1. Kris Kennedy says:

        Aww, thanks, although I would return the compliment, Mia.

    2. Ha, yes, it was a bit hard to put myself out there this way, but it has been a terrific opportunity.

      You are right. I did feel as though I needed to lay the description on a bit heavy with it being medieval. And your suggestions are fabulous. Definitely a lot tighter, faster paced and conveys more of the necessity for her to get off the wall immediately.

      Hard-packed punches. Yes, that will be added to my checklist. :)

      Thank you so much for your advice, suggestions and kind words. I really am quite thrilled at the moment.

      1. Kris Kennedy says:


        I’m so glad if anything I contributed was helpful! Mia has set up a wonderful opportunity here–I’m happy to participate.

        You’ve done a great job setting up a strong stakes and a take-action protagonist. Those are some of the most important ingredients in crafting a fun, exciting story.

  11. Melissa, so glad you volunteered! This story is off to a ripping good start. I already like Arabella and sympathize with her plight and admire her grit.

    I’m wondering where the maid is. Is Arabella alone out here? Or is the maid either still up top or down below urging her to hurry? Is Arabella daring enough to go alone? If the maid is in either place, she could serve to help Arabella “get a grip” by urging her on or warning her.

    Mia, that prime directive to be clear is so important!

    1. Mia Marlowe says:

      Oh, good catch, Helen! If the maid is leaning out of an upper window making sounds of distress, it not only engages another of our senses, it gives Arabella someone to talk to if only hiss at her to be quiet.

      And thanks so much for posting a link to my blog from yours!

    2. That prime directive is such great advice. Thank you for your feedback, Helen. Ah, the maid. :) I touch on her a bit later. So glad to hear you can sympathize with Arabella already.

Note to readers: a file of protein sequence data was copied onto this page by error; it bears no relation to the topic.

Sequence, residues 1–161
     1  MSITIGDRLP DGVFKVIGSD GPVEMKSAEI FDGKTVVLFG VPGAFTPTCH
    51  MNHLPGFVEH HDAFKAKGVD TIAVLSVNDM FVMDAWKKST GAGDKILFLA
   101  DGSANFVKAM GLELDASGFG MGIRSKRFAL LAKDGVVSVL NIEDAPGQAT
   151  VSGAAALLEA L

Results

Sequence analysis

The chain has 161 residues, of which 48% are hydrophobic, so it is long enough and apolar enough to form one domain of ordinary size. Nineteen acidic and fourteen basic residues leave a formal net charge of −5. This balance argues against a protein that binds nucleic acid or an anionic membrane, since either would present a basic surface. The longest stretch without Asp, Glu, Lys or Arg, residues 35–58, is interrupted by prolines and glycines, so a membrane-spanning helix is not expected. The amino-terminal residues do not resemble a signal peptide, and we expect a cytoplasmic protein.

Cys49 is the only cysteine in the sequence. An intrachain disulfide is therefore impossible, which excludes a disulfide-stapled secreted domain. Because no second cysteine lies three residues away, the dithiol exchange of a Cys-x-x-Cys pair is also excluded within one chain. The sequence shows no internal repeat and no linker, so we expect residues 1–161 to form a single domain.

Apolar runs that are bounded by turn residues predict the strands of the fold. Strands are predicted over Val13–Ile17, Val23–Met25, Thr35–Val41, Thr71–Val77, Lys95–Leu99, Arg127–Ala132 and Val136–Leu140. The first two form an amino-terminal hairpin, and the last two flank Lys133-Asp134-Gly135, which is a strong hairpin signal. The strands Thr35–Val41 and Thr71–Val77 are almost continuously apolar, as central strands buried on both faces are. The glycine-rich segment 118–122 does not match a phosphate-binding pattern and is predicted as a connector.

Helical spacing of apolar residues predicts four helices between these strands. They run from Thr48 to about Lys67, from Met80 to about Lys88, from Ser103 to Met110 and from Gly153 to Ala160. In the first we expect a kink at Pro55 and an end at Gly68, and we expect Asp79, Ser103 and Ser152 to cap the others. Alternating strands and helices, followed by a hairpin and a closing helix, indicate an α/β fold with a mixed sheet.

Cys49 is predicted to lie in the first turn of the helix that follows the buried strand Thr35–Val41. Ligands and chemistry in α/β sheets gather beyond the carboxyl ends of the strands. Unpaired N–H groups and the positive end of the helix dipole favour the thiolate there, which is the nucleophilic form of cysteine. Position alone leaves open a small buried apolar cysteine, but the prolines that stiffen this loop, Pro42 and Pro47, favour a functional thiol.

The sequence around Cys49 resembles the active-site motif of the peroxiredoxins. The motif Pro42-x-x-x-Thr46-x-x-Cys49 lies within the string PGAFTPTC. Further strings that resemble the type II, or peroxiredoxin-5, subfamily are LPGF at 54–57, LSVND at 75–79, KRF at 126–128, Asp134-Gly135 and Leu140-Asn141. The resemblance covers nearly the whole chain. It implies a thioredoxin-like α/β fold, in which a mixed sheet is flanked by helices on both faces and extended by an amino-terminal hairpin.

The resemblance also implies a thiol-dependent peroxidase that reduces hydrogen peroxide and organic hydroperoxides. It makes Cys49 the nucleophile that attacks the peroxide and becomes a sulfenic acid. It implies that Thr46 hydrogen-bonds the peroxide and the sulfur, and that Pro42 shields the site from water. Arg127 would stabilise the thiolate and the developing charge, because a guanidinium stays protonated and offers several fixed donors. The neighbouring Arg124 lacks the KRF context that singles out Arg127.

12. Barbara Britton says:

    Hi Mia and Melissa,

    I’m so glad RPT is back. Thank you Melissa for offering up your opening.

    I agree with Mia’s comments. I noticed a lot of words were spent detailing the slipper loss. This slowed pacing. Mia’s idea to start with the loss of the slipper and show her descent would speed the opening along.

    I agree that detailing Sir Geoffrey’s sins was a bit of a laundry list. Inferring rape took me back a bit. Did he rape Arabella? It kind of had an “ick” factor. Save his debauchery for later and hint at his evil ways in the beginning.

    To close the eyes, or not to close the eyes, that is a question maybe others can chime in on. I don’t like heights and I would keep my eyes open to make sure I got down the wall safely. Maybe there is another reaction you could use to show her fear.

    This is a fun and suspenseful opening. I would keep reading. Great job!

    1. Mia Marlowe says:

      I’m with you, Barbara. Closing my eyes would not be an option. As other physiological ways to show fear, perhaps she has to stop to control her breathing for a bit when she loses the slipper and wait for her heart to settle before she moves on.

    2. You are absolutely right, Barbara. I appreciate your feedback so much. Honestly, it’s a tremendous help to me. Thank you so much.

  13. Hi Melissa and Mia! Melissa, thank you for sharing your writing with us. One of the first pieces of writing advice I was given was to hook the reader by getting straight into the action and you certainly do that here.